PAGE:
| ||I'm intrigued by this version, and love the article, but I have no problems with the original (NB. I have the North American issue, which tacks on "Like A Friend" at the end). It's a great big sprawling mess, yes, but I love every single song and I've always thought the sequencing worked. Still, I'd love to hear this version...|
| ||I generally don't care about sequencing, I am often hideously guilty of playing new albums on random, but Pulp have always sequenced their albums particularly weirdly.
"We Love Life" suffers a teensy bit by the fact that it follows a rousing opener (Weeds) with lots of slow ones so the album doesn't really pick up pace properly until "Wickerman", after which you get that album's weakest song "I Love Life" which, if you're not in the right mood, could potentially kill the momentum again.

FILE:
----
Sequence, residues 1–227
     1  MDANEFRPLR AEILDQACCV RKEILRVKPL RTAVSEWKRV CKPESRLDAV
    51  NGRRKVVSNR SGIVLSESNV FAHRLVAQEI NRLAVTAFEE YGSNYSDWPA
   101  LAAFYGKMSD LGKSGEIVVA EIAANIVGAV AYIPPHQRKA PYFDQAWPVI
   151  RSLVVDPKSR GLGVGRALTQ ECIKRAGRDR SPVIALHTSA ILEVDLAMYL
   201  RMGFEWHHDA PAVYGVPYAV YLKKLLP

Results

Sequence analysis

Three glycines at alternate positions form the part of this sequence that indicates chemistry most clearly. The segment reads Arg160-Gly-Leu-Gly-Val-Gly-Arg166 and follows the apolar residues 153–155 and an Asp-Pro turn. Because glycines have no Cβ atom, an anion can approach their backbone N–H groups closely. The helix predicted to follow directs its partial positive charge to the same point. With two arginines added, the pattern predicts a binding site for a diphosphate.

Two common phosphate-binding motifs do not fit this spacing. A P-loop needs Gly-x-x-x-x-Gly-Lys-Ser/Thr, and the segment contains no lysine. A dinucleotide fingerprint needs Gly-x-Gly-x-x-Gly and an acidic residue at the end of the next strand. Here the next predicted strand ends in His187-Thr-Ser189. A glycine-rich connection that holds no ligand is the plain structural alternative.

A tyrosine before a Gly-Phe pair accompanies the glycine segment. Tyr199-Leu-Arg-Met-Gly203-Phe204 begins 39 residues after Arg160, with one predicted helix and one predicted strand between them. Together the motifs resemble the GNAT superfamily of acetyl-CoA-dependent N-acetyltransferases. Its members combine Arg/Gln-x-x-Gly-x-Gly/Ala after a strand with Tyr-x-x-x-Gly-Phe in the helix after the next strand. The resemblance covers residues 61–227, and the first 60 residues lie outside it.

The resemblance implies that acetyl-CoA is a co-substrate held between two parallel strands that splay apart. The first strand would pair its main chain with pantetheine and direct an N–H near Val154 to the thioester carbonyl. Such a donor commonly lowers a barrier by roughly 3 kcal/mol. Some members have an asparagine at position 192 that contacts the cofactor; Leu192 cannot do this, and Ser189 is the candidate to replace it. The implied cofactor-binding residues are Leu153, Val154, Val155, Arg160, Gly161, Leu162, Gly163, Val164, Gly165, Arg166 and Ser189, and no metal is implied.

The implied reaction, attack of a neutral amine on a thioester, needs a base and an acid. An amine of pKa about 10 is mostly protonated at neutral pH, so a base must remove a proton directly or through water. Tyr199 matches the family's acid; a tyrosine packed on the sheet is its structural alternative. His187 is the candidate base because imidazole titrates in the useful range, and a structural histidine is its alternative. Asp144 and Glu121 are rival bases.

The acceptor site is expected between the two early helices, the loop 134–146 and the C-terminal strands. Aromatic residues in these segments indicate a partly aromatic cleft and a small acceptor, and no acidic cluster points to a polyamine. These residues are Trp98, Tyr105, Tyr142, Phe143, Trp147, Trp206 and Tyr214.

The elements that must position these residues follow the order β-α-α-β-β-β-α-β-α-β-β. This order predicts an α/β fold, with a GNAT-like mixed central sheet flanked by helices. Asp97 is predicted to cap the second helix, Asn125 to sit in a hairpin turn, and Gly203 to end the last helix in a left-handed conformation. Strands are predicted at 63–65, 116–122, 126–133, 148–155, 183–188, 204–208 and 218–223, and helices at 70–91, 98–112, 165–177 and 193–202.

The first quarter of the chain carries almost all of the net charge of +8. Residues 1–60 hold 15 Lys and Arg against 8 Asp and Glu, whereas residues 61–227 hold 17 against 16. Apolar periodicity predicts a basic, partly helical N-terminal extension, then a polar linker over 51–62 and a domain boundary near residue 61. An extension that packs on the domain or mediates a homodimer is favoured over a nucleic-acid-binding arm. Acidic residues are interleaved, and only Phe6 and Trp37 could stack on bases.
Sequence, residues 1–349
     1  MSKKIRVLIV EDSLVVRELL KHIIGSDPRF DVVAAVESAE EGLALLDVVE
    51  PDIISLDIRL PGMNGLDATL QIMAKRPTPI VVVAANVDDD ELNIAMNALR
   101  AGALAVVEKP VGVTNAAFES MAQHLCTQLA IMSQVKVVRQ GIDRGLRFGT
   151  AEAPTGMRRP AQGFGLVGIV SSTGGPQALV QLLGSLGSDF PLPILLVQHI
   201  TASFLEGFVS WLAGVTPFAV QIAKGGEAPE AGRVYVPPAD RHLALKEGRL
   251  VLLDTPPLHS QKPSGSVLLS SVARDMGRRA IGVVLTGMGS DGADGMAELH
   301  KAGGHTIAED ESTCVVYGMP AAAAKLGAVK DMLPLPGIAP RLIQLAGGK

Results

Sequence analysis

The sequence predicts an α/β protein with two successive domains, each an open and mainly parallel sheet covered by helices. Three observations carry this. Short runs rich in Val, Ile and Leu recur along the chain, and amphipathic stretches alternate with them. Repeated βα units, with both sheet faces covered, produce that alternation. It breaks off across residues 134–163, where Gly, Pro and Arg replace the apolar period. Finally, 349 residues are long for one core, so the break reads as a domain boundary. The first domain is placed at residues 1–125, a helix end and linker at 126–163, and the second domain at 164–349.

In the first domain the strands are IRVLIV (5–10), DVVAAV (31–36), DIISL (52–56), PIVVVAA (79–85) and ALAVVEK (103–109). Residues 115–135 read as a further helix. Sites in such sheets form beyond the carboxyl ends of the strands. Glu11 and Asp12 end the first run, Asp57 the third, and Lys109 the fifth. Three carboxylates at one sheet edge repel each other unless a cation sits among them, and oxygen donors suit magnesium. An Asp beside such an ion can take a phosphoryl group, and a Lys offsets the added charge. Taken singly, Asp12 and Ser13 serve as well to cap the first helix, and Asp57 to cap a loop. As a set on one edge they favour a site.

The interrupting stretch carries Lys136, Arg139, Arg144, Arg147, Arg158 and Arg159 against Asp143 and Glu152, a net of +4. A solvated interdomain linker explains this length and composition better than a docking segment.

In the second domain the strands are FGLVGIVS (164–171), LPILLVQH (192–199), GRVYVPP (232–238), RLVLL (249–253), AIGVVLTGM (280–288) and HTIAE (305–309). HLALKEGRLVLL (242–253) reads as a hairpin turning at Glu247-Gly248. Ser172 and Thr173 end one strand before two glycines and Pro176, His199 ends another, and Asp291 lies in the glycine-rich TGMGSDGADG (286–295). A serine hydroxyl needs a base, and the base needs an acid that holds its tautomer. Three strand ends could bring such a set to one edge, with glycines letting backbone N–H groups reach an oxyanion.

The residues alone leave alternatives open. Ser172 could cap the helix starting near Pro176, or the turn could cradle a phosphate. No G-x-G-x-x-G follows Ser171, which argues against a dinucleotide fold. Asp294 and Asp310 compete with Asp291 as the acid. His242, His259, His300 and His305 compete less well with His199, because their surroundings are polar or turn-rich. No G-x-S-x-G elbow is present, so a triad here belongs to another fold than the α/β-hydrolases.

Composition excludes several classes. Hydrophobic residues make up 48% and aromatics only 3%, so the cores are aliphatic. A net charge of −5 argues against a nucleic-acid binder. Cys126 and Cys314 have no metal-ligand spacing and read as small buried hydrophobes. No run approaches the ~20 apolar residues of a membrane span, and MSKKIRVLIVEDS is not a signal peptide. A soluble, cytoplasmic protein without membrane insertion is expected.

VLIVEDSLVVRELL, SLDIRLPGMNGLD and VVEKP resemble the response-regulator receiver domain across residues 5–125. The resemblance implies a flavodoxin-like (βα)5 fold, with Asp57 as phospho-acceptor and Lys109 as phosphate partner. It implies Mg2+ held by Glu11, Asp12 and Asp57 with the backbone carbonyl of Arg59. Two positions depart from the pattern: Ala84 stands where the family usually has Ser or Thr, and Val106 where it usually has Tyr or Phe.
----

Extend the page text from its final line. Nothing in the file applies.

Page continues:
"His N Hers" is generally well-sequenced, the problem with that album is the embarassment of riches available on the B-sides ("You're A Nightmare", "His 'n' Hers", "Your Sister's Clothes", "Seconds" - all absolutely stunning, yes, perhaps it is a better candidate for Playing God than TIH, though the latter being so close to perfection is why I picked that one) and two album tracks being of a substantially lower standard than the other nine ("Someone Like The Moon" and "Joyriders", and maybe even "Happy Endings").
"Separations" is dead weird, though, starting with one disco song, then four quite unusual slower songs, then three really long disco songs followed by an even longer acid-dance spoken word track - no continuity at all, but that doesn't stop it being my favourite album of all time.
"Different Class" is, perhaps, if you cling rigidly to ideas of what an album is supposed to flow like - grand statement of intent at the front, exciting epics, really high peaks, strong album tracks, heaps of variety, pretty much without fault, but I love all the albums, bizarre sequencing and occasionally suspect track selection aside.|